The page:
PowerBuilder Memory Lane, Version 3


This is the detail page for PB3. If you’d rather start from the beginning the main article is called, PowerBuilder, Memory Lane for PB Developers.

PowerBuilder History, Version 3.0

Rewind to 1993, and explore PowerBuilder Version 3.0. This was a big release for PowerBuilder, a historic release in my mind. I felt like PB3 had demonstrated it had enough maturity & stability to be worthy of consideration for application development in the corporate environment. It was definitely a safe bet for department-level application development and showed potential for large and complex mission critical application development.

Launching Pad To The Future

PB3 was the stepping stone away from the mainframe world, where corporate applications were written using second generation, procedural languages like Cobol and CICS. PB3 included robust reporting from the beginning which was typically handled using complex, archaic mainframe reporting tools like Easytrieve.

PB3 was so impressive that calling it a stepping stone is a massive understatement. It was more like a launching pad, catapulting business applications into the future, which at that time was client server. Client server development leveraged the power of the desktop allowing corporate apps to evolve into modern, robust, attractive and intuitive business applications.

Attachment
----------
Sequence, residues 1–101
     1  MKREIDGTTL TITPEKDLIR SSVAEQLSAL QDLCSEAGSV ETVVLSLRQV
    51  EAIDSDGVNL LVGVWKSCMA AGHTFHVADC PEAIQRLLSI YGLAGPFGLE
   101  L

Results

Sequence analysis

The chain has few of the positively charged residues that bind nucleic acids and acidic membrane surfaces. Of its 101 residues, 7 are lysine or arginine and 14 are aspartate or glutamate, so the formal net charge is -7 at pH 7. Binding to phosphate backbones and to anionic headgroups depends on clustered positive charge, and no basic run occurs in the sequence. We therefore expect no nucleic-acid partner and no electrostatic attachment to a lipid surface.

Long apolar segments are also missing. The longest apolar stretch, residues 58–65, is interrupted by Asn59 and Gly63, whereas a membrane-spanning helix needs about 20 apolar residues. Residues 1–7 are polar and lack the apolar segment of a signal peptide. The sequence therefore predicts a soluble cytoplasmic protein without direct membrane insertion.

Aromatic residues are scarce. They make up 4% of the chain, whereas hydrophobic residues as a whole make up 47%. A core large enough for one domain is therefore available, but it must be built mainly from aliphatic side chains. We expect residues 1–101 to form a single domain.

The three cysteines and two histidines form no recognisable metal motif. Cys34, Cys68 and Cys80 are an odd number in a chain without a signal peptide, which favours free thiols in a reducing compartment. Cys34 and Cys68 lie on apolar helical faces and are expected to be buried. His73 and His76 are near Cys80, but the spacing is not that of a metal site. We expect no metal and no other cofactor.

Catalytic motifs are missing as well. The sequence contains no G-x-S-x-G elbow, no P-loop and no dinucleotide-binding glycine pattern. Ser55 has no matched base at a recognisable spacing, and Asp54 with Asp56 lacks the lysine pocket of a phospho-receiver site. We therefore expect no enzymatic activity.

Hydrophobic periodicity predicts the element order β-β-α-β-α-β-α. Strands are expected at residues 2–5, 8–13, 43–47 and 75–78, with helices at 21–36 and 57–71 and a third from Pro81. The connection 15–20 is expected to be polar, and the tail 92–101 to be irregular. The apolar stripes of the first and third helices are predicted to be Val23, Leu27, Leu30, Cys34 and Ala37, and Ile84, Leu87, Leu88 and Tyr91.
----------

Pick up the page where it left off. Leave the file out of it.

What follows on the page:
Dream Come True For Everyone

PowerSoft invested a substantial amount of money in the marketing of PowerBuilder. It usually takes an exceptionally good salesperson to sell software to Fortune 500 companies, but this was not the case when it came to PowerBuilder.

A child could have sold PowerBuilder to 499 of the 500 companies in the Fortune 500. An exaggeration… yes, but the tool pretty much sold itself in the first ten minutes of a PB demonstration. Anything beyond the first ten minutes of a demo was entertainment for the developers anxious to get their hands on the software. Developers were salivating at the opportunity to develop using such an advanced tool, one that they saw as being historically significant. The developer instincts were correct because PB has not only become historically significant but it has written many chapters in the history of information technology over the last few decades.

The PB System Tables Soap Opera

Any shop large enough to have dedicated DBA’s likely went through several iterations of corporate politics before coming to an agreement about the internal PB system tables (pbcatcol, etc.). PB created the system tables automatically when running the tool for the first time but it required SYSTEM credentials to the database. Connecting to the database as SYSTEM by developers is something that is not going to happen in a corporate IT shop. If you’ve gone through this phase than you know exactly what I’m talking about.

The General Protection Fault, or GPF